Under section 6-4.1-2-5, the measure of the taxability of the exercise of survivorship rights is the value of the property minus the value of the portion of the property that “belonged to” the survivor. By adopting Ind. Admin. Code tit. 45, r. 4.1-2- 9(a), the Department has interpreted this statutory provision as incorporating a contribution rule. Under the contribution rule, the inheritance tax is imposed on the full value of the property, except to the extent that the surviving joint owner can show contribution.See footnote 5
    It is difficult to derive the Department's interpretation, in adopting Ind. Admin. Code tit. 45, r. 4.1-2-9(a), of section 6-4.1-2-5 from the plain language of that statutory

provision. An interest in real property belongs to its owner, whether the owner made a contribution or not.See footnote 6 Therefore, under a strict, literal reading of section 6-4.1-2-5, Dale's exercise of his right of survivorship should be taxed at 50% of the property's value because only 50% of the property belonged to him prior to the decedent's death.
    However, in this instance, the Court cannot adhere to such a strict reading of section 6-4.1-2-5. It is axiomatic that “[t]he legislative intent as ascertained from an act as a whole will prevail over the strict literal meaning of any word or term used therein.” State Natural Resources Comm'n v. Amax Coal Co., 638 N.E.2d 418, 429 (Ind. 1994); see also Indiana Eby-Brown v. Department of State Revenue, 648 N.E.2d 401, 403 (Ind. Tax Ct. 1995). It is well-settled that in adopting the inheritance tax scheme the Indiana General Assembly intended to tax transfers that take effect upon a decedent's death. See George, 401 N.E.2d at 683. Therefore, any interpretation of “belongs to,” as it is used in section 6-4.1-2-5, must take into account this obvious legislative intent. See Mechanics Laundry & Supply Co. v. Department of State Revenue, 650 N.E.2d 1223, 1228 (Ind. Tax Ct. 1995).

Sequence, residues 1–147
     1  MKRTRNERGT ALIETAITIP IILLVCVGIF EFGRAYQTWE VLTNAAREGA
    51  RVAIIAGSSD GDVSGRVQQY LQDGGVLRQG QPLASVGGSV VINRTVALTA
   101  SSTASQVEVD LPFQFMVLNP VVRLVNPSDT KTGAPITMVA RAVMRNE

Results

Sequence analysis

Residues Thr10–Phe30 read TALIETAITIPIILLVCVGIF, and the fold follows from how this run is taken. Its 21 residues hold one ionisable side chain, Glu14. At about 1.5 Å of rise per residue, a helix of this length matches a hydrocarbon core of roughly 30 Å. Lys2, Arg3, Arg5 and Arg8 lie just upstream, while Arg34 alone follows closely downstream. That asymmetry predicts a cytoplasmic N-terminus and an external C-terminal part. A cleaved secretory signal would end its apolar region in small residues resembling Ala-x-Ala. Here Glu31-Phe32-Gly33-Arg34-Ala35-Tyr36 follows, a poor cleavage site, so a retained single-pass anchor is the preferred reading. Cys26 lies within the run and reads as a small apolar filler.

In addition, when the General Assembly adopted section 6-4.1-2-5, it is presumed to have been aware of the Supreme Court's decision in George. See Sangralea Boys Fund, Inc. v. State Bd. of Tax Comm'rs, 686 N.E.2d 954, 957-58 (Ind. Tax Ct. 1997) , review denied (citing Moses v. Cober, 641 N.E.2d 668, 670-71 (Ind. Ct. App. 1994); Pea v. Pea, 498 N.E.2d 110, 114 (Ind. Ct. App. 1986); Hahn v. Moore, 127

Ind. App. 149, 133 N.E.2d 900, 903-04 (1956). Accordingly, any interpretation of section 6-4.1-2-5 must bear this in mind as well.